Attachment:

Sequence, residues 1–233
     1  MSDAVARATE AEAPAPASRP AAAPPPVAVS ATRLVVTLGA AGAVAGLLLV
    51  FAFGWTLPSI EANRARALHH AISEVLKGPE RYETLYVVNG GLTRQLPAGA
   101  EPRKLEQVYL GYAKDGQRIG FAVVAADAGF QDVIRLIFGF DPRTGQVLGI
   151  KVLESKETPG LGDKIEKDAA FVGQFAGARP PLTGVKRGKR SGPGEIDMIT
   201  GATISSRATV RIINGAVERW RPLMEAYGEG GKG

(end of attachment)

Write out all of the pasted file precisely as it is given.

Sequence, residues 1–233
     1  MSDAVARATE AEAPAPASRP AAAPPPVAVS ATRLVVTLGA AGAVAGLLLV
    51  FAFGWTLPSI EANRARALHH AISEVLKGPE RYETLYVVNG GLTRQLPAGA
   101  EPRKLEQVYL GYAKDGQRIG FAVVAADAGF QDVIRLIFGF DPRTGQVLGI
   151  KVLESKETPG LGDKIEKDAA FVGQFAGARP PLTGVKRGKR SGPGEIDMIT
   201  GATISSRATV RIINGAVERW RPLMEAYGEG GKG